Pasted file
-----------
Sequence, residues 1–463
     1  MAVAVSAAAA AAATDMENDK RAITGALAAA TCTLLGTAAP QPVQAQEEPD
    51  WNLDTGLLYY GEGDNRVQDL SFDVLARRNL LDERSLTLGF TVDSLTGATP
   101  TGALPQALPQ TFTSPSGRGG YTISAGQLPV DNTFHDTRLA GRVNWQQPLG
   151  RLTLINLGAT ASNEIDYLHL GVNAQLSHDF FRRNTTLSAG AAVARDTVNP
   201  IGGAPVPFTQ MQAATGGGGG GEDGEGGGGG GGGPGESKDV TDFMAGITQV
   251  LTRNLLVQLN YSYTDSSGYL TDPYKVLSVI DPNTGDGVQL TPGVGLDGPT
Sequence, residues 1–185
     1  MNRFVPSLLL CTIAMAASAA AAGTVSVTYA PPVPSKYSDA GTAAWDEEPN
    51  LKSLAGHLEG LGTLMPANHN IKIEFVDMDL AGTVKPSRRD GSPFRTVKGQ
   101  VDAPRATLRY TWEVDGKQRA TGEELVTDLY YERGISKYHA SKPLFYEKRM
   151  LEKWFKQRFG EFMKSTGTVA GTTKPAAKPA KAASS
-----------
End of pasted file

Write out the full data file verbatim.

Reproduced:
Sequence, residues 1–463
     1  MAVAVSAAAA AAATDMENDK RAITGALAAA TCTLLGTAAP QPVQAQEEPD
    51  WNLDTGLLYY GEGDNRVQDL SFDVLARRNL LDERSLTLGF TVDSLTGATP
   101  TGALPQALPQ TFTSPSGRGG YTISAGQLPV DNTFHDTRLA GRVNWQQPLG
   151  RLTLINLGAT ASNEIDYLHL GVNAQLSHDF FRRNTTLSAG AAVARDTVNP
   201  IGGAPVPFTQ MQAATGGGGG GEDGEGGGGG GGGPGESKDV TDFMAGITQV
   251  LTRNLLVQLN YSYTDSSGYL TDPYKVLSVI DPNTGDGVQL TPGVGLDGPT
Sequence, residues 1–185
     1  MNRFVPSLLL CTIAMAASAA AAGTVSVTYA PPVPSKYSDA GTAAWDEEPN
    51  LKSLAGHLEG LGTLMPANHN IKIEFVDMDL AGTVKPSRRD GSPFRTVKGQ
   101  VDAPRATLRY TWEVDGKQRA TGEELVTDLY YERGISKYHA SKPLFYEKRM
   151  LEKWFKQRFG EFMKSTGTVA GTTKPAAKPA KAASS